6 - What are Creative Commons licences?
Creative Commons (CC) licences are modular licences, created at the beginning of the 2000s in the United States, which change the concept of 'All rights reserved' to 'Some rights reserved'. Through CC licences, the holder of the rights to the work clearly indicates to users how the work can be used, under what conditions, and what context. In particular, by combining the characteristics of Attribution - Commercial Uses - Derivative Works, the six main CC licences offer users a quick and easy tool to know, for example, whether they will be allowed to copy the work, modify it or distribute it commercially and so on.
Each licence is legally supported by the Legal Code, a contract between the licensor and any possible user of the product, referring to the country's legal rules where the licence applies and guarantees its legal relevance.
If you deposit in IRIS a product already published under a CC licence, you must replicate the licence indicated on the publication; help on how to do this is available here. If you are depositing your PhD thesis in IRIS, you are free to choose which uses of your work you wish to allow, as the rights to use your work have not been assigned to third parties.
7 - What is the APC?
An acronym for Article Processing Charge, this is a cost necessary to cover the cost of publication. The author or research organisation has to pay the publisher to be able to publish in Open Access journals that require it (around 30% of cases) or in traditional journals that offer Open Choice, i.e. the possibility of publishing a single paper in Open Access in a journal that does not, thus activating a double-dipping mode.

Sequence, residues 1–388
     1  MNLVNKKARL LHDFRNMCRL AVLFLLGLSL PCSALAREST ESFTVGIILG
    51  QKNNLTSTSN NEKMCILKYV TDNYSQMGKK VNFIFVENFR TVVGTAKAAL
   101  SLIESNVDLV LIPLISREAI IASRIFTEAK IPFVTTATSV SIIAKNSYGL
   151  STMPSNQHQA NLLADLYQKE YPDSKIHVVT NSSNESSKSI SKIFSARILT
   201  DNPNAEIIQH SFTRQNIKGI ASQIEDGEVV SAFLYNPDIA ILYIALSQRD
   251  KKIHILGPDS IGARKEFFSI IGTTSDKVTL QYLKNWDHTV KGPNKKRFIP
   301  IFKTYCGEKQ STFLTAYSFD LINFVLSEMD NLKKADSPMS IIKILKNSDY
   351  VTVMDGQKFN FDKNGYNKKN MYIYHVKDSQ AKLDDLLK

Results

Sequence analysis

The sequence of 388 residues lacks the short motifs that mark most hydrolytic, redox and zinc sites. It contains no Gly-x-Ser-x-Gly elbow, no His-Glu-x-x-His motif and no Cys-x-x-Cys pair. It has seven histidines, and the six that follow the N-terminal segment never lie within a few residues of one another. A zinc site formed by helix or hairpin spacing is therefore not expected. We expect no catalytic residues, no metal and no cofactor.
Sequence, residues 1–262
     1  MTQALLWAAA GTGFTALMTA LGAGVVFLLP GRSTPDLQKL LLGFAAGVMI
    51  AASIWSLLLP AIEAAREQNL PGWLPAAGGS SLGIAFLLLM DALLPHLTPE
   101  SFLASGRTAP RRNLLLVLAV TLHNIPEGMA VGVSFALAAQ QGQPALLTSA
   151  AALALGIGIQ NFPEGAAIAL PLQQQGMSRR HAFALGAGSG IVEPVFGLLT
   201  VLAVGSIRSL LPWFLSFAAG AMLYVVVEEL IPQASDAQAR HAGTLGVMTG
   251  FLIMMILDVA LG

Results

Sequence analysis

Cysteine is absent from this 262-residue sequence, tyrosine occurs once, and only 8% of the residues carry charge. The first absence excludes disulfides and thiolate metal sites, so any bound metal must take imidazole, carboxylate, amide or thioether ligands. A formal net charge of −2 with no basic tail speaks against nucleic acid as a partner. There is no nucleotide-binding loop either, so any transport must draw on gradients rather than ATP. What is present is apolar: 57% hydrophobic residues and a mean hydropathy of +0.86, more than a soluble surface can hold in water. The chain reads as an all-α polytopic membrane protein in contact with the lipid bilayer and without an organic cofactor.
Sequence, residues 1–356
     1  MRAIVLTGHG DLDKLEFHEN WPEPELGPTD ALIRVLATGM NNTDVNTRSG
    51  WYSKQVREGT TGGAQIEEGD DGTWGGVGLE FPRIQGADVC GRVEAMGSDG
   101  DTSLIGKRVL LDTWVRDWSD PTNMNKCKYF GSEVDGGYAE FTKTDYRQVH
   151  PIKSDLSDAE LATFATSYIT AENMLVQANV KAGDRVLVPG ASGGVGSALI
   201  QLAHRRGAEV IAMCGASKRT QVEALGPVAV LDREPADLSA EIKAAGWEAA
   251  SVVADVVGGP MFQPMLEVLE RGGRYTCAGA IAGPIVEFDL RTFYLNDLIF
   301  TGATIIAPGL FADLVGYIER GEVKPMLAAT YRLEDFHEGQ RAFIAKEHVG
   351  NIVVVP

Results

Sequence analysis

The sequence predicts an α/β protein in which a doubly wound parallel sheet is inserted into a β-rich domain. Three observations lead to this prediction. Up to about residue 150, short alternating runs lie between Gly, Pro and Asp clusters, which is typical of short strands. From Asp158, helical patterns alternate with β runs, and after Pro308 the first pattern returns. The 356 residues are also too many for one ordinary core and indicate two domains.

8 - Do Sapienza authors have facilitation to publish in Open Access?
Yes, since 2020 the Sapienza Library System has signed the first "transformative" contracts with some important international publishers. These contracts allow Sapienza authors to publish free of charge in Open Access: the Article Processing Charge (APC) cost is borne directly by SBS as part of the journal subscription contract.
A list of publishers with whom it is possible to publish in Open Access for free is available on the SBS website, together with the requirements for accessing the facilities.
In addition to transformative contracts, SBS also has "traditional" contracts in which discounts for Open Access publication are provided with certain publishers. In this case, the cost of APC remains the responsibility of the author.
9 - What is a version of a publication?
From the moment an author produces a "manuscript" until publication, the work undergoes a series of changes. The first version of the work is the pre-print, i.e. the author's draft, sent to the publisher for publication, but not yet peer-reviewed or accepted by the publisher. The next version is called the postprint; this is the peer-reviewed version accepted for publication that the publisher sends back to the author with the requested changes. Finally, the version published by the publisher is the editorial version. It is recognisable because it bears the publisher's layout and logos, as well as metadata such as journal name, page numbers, issue number, publication date, etc.
It is important to identify the publication version because different versions may be associated with different access policies. For example, a publisher may allow open access to a postprint but not to an editorial version.